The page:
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PLoS One. 2010 May 12;5(5):e10621. doi: 10.1371/journal.pone.0010621.

Genetic epidemiology of attention deficit hyperactivity disorder (ADHD index) in adults.

Author information

  • 1Department of Biological Psychology, Vrije Universiteit Amsterdam, Amsterdam, The Netherlands. dorret@psy.vu.nl

Abstract

CONTEXT:

In contrast to the large number of studies in children, there is little information on the contribution of genetic factors to Attention Deficit Hyperactivity Disorder (ADHD) in adults.

OBJECTIVE:

To estimate the heritability of ADHD in adults as assessed by the ADHD index scored from the CAARS (Conners' Adult ADHD Rating Scales).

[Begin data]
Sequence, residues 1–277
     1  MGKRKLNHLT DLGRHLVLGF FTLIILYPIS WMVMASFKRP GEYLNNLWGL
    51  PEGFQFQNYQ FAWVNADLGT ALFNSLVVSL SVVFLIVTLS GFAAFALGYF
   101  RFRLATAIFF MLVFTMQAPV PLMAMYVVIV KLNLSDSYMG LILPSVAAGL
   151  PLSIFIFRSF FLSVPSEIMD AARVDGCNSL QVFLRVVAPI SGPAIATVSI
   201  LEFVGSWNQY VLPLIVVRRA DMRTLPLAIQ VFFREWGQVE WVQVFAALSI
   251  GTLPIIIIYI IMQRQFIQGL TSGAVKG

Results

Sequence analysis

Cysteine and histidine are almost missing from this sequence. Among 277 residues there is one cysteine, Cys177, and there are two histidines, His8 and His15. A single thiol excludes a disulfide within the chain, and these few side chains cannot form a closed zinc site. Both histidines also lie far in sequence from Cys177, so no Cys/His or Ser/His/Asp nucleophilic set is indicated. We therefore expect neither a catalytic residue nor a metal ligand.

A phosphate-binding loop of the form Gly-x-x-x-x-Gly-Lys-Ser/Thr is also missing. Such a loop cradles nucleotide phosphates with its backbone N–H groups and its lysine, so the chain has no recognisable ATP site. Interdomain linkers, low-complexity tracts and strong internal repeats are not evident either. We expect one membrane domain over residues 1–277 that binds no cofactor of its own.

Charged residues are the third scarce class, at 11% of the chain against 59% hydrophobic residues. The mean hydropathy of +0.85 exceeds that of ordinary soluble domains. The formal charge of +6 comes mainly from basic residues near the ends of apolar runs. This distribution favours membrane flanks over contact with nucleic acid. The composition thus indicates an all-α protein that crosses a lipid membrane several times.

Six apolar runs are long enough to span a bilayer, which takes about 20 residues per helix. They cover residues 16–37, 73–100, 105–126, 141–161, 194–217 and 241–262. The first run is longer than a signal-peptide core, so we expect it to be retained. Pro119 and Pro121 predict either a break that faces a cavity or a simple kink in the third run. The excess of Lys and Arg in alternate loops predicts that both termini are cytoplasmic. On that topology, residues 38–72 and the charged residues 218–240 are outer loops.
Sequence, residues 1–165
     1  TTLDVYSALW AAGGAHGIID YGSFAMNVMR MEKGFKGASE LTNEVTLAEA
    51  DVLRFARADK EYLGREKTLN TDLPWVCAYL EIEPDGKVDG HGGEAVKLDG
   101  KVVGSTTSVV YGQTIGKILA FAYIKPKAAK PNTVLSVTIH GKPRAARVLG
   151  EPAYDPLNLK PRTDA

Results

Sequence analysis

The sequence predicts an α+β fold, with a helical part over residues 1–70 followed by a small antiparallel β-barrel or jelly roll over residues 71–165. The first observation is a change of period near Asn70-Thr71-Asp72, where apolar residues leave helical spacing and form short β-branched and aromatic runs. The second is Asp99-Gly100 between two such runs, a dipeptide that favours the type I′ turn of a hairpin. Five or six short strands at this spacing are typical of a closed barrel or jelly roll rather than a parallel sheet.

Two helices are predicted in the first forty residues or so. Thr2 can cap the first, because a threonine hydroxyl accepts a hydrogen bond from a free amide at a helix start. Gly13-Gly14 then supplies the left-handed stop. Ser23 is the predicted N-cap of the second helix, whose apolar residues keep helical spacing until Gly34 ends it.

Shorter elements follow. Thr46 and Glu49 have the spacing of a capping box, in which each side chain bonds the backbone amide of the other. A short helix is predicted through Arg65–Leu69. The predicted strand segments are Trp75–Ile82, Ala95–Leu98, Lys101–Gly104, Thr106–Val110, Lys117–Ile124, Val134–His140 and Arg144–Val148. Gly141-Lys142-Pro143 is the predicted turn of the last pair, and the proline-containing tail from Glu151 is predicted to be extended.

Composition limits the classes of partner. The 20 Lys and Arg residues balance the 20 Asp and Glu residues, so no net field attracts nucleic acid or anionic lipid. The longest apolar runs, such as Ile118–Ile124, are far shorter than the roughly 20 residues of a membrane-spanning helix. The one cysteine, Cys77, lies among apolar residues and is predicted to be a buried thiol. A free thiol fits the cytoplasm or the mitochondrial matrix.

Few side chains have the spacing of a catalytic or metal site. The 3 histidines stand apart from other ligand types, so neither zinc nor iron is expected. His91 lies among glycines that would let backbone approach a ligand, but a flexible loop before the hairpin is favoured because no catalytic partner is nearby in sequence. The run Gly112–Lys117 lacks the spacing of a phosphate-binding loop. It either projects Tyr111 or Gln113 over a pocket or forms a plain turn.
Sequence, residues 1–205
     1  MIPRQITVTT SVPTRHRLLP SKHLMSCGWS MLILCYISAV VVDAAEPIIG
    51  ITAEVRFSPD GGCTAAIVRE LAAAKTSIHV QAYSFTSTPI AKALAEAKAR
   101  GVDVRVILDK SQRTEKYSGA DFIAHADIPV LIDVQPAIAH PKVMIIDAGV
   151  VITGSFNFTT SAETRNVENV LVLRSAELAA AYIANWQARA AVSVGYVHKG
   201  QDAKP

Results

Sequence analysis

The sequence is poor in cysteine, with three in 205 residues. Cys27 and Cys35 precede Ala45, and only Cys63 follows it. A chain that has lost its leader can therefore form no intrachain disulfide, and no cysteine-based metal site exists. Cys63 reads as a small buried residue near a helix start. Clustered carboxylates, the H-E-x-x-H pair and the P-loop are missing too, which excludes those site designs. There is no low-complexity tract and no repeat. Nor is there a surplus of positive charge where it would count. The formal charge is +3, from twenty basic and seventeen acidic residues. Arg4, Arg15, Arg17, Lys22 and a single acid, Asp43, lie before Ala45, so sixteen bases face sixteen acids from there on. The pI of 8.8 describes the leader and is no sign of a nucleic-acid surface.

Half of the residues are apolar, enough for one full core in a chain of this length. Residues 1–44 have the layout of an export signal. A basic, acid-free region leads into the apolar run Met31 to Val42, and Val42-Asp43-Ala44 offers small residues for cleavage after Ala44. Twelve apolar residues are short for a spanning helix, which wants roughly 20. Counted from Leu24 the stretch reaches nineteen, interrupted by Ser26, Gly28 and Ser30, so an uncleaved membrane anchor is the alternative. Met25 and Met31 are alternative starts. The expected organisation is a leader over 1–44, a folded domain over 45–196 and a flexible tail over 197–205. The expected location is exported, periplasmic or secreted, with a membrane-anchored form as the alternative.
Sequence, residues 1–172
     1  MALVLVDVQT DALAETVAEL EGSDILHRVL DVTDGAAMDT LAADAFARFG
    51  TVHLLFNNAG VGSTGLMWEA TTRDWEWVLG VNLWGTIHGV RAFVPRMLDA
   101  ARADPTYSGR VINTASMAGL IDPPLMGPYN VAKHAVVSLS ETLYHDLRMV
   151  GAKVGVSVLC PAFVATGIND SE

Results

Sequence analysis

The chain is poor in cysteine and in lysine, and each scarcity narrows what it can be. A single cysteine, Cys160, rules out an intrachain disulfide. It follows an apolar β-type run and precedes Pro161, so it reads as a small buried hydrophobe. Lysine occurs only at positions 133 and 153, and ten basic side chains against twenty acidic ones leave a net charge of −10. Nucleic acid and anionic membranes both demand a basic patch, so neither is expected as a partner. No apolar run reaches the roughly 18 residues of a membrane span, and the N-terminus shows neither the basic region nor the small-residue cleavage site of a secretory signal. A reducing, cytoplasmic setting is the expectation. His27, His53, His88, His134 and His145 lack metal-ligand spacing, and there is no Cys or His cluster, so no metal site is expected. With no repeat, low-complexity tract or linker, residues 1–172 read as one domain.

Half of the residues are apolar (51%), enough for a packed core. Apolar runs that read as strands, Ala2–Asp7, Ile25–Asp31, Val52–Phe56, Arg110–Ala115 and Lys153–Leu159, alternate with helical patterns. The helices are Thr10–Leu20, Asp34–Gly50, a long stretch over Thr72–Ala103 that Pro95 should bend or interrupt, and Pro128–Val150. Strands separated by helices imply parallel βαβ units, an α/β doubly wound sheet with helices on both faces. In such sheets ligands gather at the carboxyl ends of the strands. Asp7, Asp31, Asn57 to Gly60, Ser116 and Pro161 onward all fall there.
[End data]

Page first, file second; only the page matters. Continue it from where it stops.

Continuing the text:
DESIGN:

Phenotype data from over 12,000 adults (twins, siblings and parents) registered with the Netherlands Twin Register were analyzed using genetic structural equation modeling.

MAIN OUTCOME MEASURES:

Heritability estimates for ADHD from the twin-family study.

RESULTS:

Heritability of ADHD in adults is estimated around 30% in men and women. There is some evidence for assortative mating. All familial transmission is explained by genetic inheritance, there is no support for the hypothesis that cultural transmission from parents to offspring is important.

CONCLUSION:

Heritability for ADHD features in adults is present, but is substantially lower than it is in children.

PMID:
20485550
[PubMed - indexed for MEDLINE]
PMCID:
PMC2868902
Free PMC Article
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